This is one of those films for film makers as they appreciate the acting and directing work that has gone into it, all the hidden looks and metaphors there to be discovered. For me it was just another stiff upper lip British drama that was very well made and mildly engaging. It’s probably the type of thing that would make a good stage play and so more for that Radio Four crowd. I didn’t dislike it, and at times engaged in it, but I wasn’t enthralled by it. I suppose I was just not old enough.

Not surprisingly the acting is good and the pair convincing as a discreet retired married couple contemplating their long life together and the secrets and feelings we keep to ourselves for eternity. We all carry a torch for someone else in our lives and that’s our businesses. But for Rampling’s character the idea her husband loved someone else in his life seemed all too much for some reason. I’m not married and so, perhaps, failed to tap into that emotion of the cache of a long marriage.

With its gentle emotive soundtrack and pang of regret throughout it’s certainly film that will hit home with an older intelligent audience. It did $13.3 million world –wide and not a bad return for this type of niche crafted British drama and the punters in the cinemas the subject matter. The awards and nominations are responsible for that box office as the media and the American owned multiplexes are not interested in showing this type of British film to earn this type of audience. But it is above average if you like you thinking movies and so one to look out for. I wouldn’t say it was too old hams on screen but definitely an acting movie. The idea of a lost love from 50-years ago possibly preserved in ice as you remember them all those decades ago is quite a powerful thing to build film around. It makes you think about ageing and perhaps love is simply adoration of youth and beauty and in the moment rather than simply being stuck together thereafter.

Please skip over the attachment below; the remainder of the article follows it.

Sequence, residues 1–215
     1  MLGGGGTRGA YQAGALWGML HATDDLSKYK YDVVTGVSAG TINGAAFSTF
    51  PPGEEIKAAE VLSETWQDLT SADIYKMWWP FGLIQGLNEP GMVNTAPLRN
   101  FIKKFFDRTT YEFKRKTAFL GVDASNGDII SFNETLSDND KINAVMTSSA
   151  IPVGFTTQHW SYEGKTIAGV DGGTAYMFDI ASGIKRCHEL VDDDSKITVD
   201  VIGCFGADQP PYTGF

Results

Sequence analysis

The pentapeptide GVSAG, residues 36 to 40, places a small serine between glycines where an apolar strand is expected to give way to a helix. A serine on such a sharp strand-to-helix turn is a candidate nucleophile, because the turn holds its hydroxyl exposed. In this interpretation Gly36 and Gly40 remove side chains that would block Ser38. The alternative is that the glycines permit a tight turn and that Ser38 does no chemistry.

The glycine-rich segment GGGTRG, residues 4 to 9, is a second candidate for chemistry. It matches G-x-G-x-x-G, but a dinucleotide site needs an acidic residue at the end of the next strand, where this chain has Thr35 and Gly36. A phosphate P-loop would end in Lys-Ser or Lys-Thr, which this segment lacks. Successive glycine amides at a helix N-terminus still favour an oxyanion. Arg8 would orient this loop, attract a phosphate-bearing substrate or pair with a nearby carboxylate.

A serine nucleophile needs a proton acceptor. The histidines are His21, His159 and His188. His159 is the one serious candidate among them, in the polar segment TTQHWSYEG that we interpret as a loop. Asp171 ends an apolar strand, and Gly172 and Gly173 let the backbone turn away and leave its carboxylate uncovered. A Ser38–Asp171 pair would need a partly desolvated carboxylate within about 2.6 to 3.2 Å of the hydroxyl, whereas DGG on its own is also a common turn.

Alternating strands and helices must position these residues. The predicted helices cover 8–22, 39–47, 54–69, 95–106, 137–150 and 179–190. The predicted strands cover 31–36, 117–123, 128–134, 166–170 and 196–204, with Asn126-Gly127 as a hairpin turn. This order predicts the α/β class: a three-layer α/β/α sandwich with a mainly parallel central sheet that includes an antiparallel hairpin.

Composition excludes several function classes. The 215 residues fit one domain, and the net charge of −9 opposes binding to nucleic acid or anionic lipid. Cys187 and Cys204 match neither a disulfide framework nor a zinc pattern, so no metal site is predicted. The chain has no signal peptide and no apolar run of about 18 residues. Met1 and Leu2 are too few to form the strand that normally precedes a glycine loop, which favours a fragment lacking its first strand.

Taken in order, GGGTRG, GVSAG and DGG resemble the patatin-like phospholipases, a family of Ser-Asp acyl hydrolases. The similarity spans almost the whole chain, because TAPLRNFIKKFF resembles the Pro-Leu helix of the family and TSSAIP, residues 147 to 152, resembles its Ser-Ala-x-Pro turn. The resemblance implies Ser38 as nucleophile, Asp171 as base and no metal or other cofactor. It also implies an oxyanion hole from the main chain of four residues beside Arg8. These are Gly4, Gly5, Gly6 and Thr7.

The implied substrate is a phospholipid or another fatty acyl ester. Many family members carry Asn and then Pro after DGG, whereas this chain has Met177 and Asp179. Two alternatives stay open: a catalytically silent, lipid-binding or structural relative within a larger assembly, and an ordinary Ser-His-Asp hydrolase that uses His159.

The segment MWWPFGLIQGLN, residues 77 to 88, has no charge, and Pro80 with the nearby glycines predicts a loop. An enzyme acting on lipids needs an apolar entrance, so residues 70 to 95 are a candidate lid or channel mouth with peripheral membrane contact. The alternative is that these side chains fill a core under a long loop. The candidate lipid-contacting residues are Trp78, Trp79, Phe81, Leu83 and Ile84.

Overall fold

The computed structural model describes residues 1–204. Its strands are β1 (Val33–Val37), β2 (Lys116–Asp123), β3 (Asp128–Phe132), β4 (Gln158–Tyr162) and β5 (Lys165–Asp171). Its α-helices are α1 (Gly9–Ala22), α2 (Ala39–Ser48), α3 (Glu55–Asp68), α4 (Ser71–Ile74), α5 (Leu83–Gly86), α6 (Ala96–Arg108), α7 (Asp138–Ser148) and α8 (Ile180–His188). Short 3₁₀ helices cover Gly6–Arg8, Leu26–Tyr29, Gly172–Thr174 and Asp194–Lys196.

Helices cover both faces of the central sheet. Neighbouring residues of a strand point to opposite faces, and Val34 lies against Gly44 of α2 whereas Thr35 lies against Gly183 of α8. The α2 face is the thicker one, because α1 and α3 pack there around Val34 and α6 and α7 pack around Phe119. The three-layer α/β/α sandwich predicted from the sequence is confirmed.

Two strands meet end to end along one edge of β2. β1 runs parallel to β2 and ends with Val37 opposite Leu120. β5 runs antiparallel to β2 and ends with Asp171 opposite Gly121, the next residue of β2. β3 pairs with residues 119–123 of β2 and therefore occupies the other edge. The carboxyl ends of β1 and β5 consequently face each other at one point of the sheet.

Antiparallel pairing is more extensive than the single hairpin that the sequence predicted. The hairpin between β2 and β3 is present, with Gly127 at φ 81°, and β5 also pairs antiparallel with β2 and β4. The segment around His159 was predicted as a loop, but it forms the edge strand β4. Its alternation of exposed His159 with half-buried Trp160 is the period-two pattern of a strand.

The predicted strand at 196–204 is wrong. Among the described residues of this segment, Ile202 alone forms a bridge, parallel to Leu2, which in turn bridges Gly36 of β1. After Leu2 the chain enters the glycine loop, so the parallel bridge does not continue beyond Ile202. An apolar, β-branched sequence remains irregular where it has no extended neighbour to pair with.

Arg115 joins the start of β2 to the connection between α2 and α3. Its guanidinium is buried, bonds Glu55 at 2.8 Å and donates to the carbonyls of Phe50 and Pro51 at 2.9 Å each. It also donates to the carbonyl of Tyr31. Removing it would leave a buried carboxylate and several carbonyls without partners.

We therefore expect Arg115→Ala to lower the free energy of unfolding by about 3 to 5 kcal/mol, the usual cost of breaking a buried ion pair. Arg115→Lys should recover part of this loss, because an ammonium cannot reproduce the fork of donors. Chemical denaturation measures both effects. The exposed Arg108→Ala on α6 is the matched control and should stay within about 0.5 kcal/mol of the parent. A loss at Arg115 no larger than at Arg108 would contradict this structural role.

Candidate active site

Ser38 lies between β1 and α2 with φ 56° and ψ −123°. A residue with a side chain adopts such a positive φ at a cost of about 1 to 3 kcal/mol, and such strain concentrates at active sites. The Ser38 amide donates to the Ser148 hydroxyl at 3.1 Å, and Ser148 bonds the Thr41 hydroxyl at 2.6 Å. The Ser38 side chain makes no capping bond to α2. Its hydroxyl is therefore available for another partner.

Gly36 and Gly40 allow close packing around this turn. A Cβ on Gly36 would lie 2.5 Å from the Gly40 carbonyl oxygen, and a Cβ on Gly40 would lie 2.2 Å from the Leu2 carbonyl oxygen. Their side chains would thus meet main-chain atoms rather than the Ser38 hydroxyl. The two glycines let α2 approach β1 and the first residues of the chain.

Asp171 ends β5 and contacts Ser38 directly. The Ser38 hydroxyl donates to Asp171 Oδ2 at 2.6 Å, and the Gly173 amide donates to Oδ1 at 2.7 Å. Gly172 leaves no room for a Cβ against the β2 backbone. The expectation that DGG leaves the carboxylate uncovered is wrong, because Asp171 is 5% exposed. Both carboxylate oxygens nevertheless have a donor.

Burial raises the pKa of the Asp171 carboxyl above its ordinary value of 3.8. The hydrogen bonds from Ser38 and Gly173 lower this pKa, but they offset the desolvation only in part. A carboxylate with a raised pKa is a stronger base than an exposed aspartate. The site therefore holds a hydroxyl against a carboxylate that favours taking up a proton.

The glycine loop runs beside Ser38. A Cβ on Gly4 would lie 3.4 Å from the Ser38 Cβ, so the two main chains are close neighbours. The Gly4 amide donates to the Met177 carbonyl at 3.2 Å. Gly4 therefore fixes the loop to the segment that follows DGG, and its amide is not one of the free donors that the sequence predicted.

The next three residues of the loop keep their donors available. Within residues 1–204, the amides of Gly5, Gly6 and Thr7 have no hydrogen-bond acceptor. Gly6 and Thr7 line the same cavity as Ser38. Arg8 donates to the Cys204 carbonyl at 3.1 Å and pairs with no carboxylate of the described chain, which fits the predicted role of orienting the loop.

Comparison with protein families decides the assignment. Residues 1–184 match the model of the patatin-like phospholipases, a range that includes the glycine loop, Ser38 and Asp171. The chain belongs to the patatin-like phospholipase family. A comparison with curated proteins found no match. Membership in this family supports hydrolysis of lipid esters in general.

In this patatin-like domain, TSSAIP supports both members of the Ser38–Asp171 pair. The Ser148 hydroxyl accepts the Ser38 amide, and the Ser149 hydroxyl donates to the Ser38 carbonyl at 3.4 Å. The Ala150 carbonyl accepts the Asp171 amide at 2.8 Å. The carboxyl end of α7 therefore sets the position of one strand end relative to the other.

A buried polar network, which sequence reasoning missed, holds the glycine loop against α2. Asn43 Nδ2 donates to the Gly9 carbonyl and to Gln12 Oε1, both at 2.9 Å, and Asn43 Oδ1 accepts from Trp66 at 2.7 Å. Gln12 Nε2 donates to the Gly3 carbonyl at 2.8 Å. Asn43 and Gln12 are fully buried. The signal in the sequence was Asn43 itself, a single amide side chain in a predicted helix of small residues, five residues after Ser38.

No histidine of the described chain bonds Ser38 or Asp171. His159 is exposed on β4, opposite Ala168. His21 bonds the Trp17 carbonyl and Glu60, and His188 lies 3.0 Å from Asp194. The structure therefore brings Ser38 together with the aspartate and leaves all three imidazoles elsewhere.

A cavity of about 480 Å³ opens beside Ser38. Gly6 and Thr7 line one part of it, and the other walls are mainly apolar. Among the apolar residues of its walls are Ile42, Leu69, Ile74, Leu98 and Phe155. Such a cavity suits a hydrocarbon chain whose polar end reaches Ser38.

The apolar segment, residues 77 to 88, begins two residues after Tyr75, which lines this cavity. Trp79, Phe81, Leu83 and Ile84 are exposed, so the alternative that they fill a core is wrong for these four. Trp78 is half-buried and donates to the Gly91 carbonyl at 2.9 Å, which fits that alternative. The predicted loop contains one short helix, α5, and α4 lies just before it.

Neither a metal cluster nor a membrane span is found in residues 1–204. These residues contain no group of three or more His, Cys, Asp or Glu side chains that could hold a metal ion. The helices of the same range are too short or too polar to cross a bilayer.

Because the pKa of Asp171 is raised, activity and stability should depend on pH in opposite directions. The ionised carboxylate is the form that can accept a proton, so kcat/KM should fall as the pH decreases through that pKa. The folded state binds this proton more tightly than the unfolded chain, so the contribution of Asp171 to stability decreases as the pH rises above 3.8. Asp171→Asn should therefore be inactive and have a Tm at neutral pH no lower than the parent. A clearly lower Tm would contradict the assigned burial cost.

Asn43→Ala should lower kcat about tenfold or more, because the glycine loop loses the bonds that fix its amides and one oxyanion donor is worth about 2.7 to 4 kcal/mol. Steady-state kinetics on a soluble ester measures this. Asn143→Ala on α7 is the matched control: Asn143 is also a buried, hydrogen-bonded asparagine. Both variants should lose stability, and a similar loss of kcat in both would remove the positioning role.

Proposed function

RATINGS – 7.1 /10.0 (23,123votes) – 97% critic’s approval – 94% critic’s approval


Special Features

-Deleted Scenes –

Not many, as you would expect, with these two classic actors.


The cast and crew talk to an assembled audience of fans.


NY Times –‘Rampling is a master at playing calculating, cold figures, hard, emotionless women who let nothing through their hard stare and locked expression. In 45 Years she lets the vulnerability show.’.

Salt Lake Tribune –‘Together with Haigh's unobtrusive direction, the stars make 45 Years one of the most honest and emotionally shattering movies about a marriage ever made’.

The Guardian –‘If Haigh's film relies on the quiet and subtle, there's no mistaking the atomized emotional destruction going on between the characters. In their echoing silence, there contains multitudes’.

The Mail –‘How many great movies could be written across the enigmatic, profound face of Charlotte Rampling? Hundreds? Thousands? At any rate, Andrew Haigh's 45 Years is one of them’.

San Francisco Times –‘What's the big deal? How does an entire film come of this? There are satisfying answers to these questions, but to state them would be to ruin a perfectly good movie’.

Toronto Star –‘Both actors deliver a master class in expression by understatement. The most unsettling of ghosts, we are moved to realize, are the ones we try hardest to deny’.

The Times –‘Transcends the obvious and touches on deeper, sometimes unsettling realities about the complicated, messy ways we live and love’.


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Comments on this review

  • IzzyS published 26/08/2017
    Thorough review.
  • euphie published 18/08/2017
    e :o)
  • Mac83 published 17/08/2017
    E rev
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Product Information : 45 Years (DVD)

Manufacturer's product description

Product Details

Actor(s) (Last name, First name): Rampling, Charlotte

Actor(s): Charlotte Rampling, Tom Courtenay, Geraldine James, Dolly Wells

Director(s): Andrew Haigh

DVD Region: DVD

Video Category: Feature Film

EAN: 5021866756301

Classification: 15 years and over

Production Year: 2015


Listed on Ciao since: 09/08/2017